News

Vendors See Strong 99 for Data DWDM

9/20/1998 8:00 PM Eastern

All-optical networking in data communications is inching
closer to reality on the heels of new product introductions by system suppliers and new
deployments on the part of carriers.

So far, most of the action centers on the use of Internet
protocol-over-synchronous optical network (IP-over-SONET) capabilities built into
next-generation routers in conjunction with dense-wave-division-multiplexing technology in
long-haul data networks.

But even as this trend is just starting to build, a new
wave of applications is following close behind, involving DWDM at the metro level, in
conjunction with more advanced trafficking capabilities in the optical domain.

"Although the metro market has been slow to adopt
DWDM, we believe that 1999 will be the start of a tremendous market upswing," said
Ken Lewis, senior vice president of the transmission division at Alcatel Telecom's Alcatel
USA unit.

Toward that end, Alcatel last week demonstrated an
all-optical, cross-connect-employing, space-switching and optical-wavelength translation
that it said would be used in a complex multinetwork trial involving European carriers
next year.

"Our test results confirm our vision of a relatively
near-term all-optical layer," Lewis said.

Such capabilities -- currently offered by at least one
manufacturer, and soon to be offered by many -- are being driven by the growing support
for the last generation of commercial data-over-DWDM products by carriers such as Sprint
Corp., Frontier GlobalCenter, GTE Corp. and Qwest Communications International Inc., all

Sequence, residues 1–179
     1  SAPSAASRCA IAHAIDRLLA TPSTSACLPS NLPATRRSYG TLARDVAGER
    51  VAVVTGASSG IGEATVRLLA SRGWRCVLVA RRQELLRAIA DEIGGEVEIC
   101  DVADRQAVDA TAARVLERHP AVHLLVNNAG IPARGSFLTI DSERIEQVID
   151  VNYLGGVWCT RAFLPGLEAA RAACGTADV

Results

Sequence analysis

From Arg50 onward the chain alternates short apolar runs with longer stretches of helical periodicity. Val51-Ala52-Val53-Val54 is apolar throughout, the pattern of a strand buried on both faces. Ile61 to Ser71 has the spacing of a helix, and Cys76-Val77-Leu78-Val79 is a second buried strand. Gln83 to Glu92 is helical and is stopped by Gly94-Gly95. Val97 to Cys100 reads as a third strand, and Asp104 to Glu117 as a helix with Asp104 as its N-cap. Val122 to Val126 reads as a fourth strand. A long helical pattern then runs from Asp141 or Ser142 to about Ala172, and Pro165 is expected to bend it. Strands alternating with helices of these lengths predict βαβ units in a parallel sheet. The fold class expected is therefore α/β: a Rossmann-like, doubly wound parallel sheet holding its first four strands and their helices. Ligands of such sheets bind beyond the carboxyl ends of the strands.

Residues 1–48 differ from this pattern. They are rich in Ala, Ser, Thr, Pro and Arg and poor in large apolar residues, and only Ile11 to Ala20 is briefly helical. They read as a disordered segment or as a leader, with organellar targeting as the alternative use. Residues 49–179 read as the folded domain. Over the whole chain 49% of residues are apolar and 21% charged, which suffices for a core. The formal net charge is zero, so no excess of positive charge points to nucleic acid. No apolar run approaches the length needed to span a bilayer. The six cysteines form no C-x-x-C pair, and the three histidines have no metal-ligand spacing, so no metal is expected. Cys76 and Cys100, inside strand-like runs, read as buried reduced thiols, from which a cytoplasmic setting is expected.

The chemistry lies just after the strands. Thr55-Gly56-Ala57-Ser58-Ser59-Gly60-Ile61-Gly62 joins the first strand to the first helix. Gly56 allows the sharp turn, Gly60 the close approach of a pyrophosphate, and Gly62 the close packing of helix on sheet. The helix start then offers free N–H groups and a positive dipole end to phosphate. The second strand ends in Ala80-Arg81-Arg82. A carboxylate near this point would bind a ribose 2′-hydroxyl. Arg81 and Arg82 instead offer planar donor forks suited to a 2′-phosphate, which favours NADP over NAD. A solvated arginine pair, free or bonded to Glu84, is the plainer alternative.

of which have begun deploying IP-over-SONET OC-48 (2.5-gigabit-per-second) systems.

"There are several large ISPs [Internet-service
providers], as well as carriers, that want to move in this direction by end of the year,
so that's where we're heading," said Tony Bates, director of marketing at the
optical-internetworking business unit of Cisco Systems Inc., the supplier of gigabit
routers in these deployments.

Competition for bragging rights among data carriers
exploiting this technology has become intense, with most claiming to have the biggest,
fastest network around.

For example, Guy Cook, vice president of data networks at
Qwest, said last week that his company was expanding its IP-over-SONET DWDM links to
connection of 125 major metro regions nationwide by year's end, putting it "in the
leadership position."

But Frontier claimed to be offering the highest density of
wavelengths in operation using IP-over-SONET, with five of its 23 markets slated to be
turned up by year's end, and the rest by the end of the first quarter. The company's
system supports 16 wavelengths in the current iteration, with upgradability to 32.

"We have more than 200 large-scale customers operating
some of the most popular Web sites -- companies like Yahoo! [Inc.], Netscape
[Communications Corp.], USA Today and Ziff-Davis [Publishing] -- that are telling
us that they need more high-speed network capacity for things like database replication
and system backups," said Frontier chief technical officer Jonathan Heiliger.

"As providers of Web content see ever more
profitability associated with local high-speed access, the need for distant caches to
facilitate rapid distribution of that content is going to become even more
significant," he said.

The IP-over-SONET capabilities of today's gigabit routers,
and of the terabit routers that are slated to follow next year, represent a means by which
the router eliminates the need for a SONET multiplexer between the local and long-haul
service providers.

Today, this is done by delivering a high-level SONET